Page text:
New Faculty 2016-2017

Matthew MooreDr. Matthew Moore will join the Department of Sociology, Criminology, and Anthropology in Fall 2016.  Dr. Moore received his Ph.D. from Iowa State University in 2012.  Since he graduated he has been working as an assistant professor at Grand View University in Des Moines, Iowa.  Dr. Moore is interested in what role the community has in hindering deviant behaviors and has published several articles on suicide, social capital, and crime examining the link to the community.  His articles have appeared in Deviant Behavior, Crime and Delinquency, Social Indicators Research, and other peer-reviewed journals.  In the Fall 2016 semester, Dr. Moore will be teaching two sections of Social Statistics and Deviance and Society.  When Dr. Moore is not at work he enjoys playing with his dogs and going on walks.

Scribner Image Dr. Vaughn Scribner received his Ph.D. from the University of Kansas in 2013, and has served as a Visiting Assistant Professor at UCA  since.  His research focuses on  how early American colonists understood the position(s) in the British Empire.  Dr. Scribner has published a number of articles, ranging from investigations of colonial American tavern culture to the rise of professional theater in America to colonist’s attempts to harness the mystical properties of mineral springs.  In addition to teaching various courses, He also serves as Faculty Advisor for UCA’s award-winning Phi Alpha Theta chapter (the history honor society).  His wife, Kristen, and he loves to travel the world, try new restaurants, binge watch new television shows, and, of course, dote over their beloved cat, Diego.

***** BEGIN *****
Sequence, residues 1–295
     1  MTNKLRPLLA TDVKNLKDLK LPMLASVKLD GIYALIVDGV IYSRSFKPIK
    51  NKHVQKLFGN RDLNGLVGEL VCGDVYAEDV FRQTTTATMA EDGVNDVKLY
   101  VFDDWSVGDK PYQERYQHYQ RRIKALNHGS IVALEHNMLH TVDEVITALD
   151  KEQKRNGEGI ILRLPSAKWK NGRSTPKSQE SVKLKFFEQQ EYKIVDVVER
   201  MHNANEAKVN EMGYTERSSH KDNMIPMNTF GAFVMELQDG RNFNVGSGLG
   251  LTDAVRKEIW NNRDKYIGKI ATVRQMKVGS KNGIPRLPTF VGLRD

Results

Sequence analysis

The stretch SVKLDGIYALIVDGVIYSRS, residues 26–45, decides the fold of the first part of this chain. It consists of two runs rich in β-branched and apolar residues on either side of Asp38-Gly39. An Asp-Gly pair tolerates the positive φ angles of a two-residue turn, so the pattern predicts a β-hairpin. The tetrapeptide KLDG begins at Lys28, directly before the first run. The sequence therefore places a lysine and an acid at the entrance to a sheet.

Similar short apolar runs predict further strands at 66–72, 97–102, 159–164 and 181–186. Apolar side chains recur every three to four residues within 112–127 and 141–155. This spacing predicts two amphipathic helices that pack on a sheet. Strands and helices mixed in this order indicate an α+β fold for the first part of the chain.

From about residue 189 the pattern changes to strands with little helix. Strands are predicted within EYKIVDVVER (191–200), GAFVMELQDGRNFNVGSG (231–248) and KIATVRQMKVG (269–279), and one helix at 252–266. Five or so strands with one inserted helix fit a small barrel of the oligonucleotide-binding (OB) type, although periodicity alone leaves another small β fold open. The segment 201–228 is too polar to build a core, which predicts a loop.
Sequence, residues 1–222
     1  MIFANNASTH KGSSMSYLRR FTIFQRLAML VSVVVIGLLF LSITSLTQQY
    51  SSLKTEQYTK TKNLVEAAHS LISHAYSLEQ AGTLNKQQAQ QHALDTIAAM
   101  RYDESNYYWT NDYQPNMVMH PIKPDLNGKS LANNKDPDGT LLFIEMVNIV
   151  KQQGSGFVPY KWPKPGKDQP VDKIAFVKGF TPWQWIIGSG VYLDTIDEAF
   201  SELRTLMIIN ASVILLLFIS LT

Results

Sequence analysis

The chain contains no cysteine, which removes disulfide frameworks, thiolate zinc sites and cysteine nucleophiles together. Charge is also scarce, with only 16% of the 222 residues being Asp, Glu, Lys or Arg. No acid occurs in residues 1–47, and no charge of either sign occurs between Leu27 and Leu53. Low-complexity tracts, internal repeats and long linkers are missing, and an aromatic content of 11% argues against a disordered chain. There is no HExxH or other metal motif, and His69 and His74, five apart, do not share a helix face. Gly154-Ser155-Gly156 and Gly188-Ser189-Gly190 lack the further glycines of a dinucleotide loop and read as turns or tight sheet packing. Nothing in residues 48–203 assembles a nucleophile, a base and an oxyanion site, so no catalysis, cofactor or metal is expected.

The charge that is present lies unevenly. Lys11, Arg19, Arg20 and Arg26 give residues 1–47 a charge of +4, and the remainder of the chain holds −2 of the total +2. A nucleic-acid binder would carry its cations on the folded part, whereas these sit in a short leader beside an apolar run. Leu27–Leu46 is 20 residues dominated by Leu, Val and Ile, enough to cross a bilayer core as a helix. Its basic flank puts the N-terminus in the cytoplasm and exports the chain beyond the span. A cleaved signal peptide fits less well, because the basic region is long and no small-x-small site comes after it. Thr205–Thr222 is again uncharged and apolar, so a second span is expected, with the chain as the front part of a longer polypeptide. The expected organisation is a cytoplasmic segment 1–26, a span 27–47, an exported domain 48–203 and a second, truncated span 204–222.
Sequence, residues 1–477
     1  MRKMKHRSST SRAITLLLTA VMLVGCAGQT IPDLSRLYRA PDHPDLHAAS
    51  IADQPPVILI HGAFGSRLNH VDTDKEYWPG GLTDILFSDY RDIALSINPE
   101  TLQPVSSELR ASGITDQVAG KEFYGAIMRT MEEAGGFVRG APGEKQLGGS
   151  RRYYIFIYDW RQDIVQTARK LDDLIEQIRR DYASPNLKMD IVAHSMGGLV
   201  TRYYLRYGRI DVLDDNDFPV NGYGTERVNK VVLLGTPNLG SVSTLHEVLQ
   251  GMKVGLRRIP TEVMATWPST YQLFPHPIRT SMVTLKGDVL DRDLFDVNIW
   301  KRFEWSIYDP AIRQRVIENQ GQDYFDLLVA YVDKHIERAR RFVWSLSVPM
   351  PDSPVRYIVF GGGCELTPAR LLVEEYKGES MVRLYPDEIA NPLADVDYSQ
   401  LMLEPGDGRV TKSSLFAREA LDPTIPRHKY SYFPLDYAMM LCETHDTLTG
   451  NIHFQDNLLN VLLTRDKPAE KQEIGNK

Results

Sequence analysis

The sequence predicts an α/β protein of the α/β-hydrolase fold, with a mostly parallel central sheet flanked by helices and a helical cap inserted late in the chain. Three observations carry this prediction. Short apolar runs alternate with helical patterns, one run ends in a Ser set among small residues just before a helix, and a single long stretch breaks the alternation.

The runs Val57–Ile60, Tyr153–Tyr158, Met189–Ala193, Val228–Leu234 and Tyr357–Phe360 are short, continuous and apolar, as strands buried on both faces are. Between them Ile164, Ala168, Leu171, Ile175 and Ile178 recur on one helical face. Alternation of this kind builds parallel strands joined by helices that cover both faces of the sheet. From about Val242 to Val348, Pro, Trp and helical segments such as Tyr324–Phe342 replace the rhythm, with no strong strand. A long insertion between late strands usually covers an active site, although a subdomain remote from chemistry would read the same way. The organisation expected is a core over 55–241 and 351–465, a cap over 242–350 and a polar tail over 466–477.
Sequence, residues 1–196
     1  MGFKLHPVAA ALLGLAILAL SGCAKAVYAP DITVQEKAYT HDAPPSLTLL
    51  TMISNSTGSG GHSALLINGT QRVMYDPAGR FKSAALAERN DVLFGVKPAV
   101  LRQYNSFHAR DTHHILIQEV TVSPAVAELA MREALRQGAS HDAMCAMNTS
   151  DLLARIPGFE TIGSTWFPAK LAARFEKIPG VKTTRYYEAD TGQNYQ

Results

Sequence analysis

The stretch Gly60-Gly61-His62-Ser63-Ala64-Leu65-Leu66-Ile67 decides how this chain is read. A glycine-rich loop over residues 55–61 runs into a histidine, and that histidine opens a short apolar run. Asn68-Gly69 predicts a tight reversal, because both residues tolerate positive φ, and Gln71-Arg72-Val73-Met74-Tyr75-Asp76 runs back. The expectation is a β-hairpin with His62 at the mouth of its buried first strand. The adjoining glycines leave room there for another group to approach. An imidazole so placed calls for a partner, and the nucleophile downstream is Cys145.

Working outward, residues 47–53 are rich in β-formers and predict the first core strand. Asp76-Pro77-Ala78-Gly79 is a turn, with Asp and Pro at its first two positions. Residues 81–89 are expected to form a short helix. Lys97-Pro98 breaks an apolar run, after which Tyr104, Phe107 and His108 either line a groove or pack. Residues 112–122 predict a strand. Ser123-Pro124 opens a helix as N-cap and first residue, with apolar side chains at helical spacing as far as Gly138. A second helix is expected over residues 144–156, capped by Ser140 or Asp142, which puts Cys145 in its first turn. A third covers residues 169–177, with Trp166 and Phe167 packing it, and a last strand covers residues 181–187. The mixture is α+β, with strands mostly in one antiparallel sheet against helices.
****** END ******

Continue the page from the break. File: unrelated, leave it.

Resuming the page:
Dr. Sharon Mason has joined the Department of Philosophy and Religion as a Visiting Assistant Professor for the 2016-2017 academic year. She received her Ph.D. in Philosophy from Indiana University, Bloomington and has an M.A. in Philosophy from Northern Illinois University. Her research is in contemporary epistemology, focusing on theories of knowledge, the first-person perspective, and epistemic agency. One theme that guides her work is that we are human knowers, embodied, less-than-ideal but also capable of reflecting and having our deliberative reasoning influence what we believe. She has developed and taught courses in epistemology, the history of early modern philosophy, philosophy of science, ethics, logic, philosophy of food, and the philosophy of mind. This fall she will be teaching Philosophy of Mind and Philosophy for Living. She likes to garden and places high value on a good cup of tea.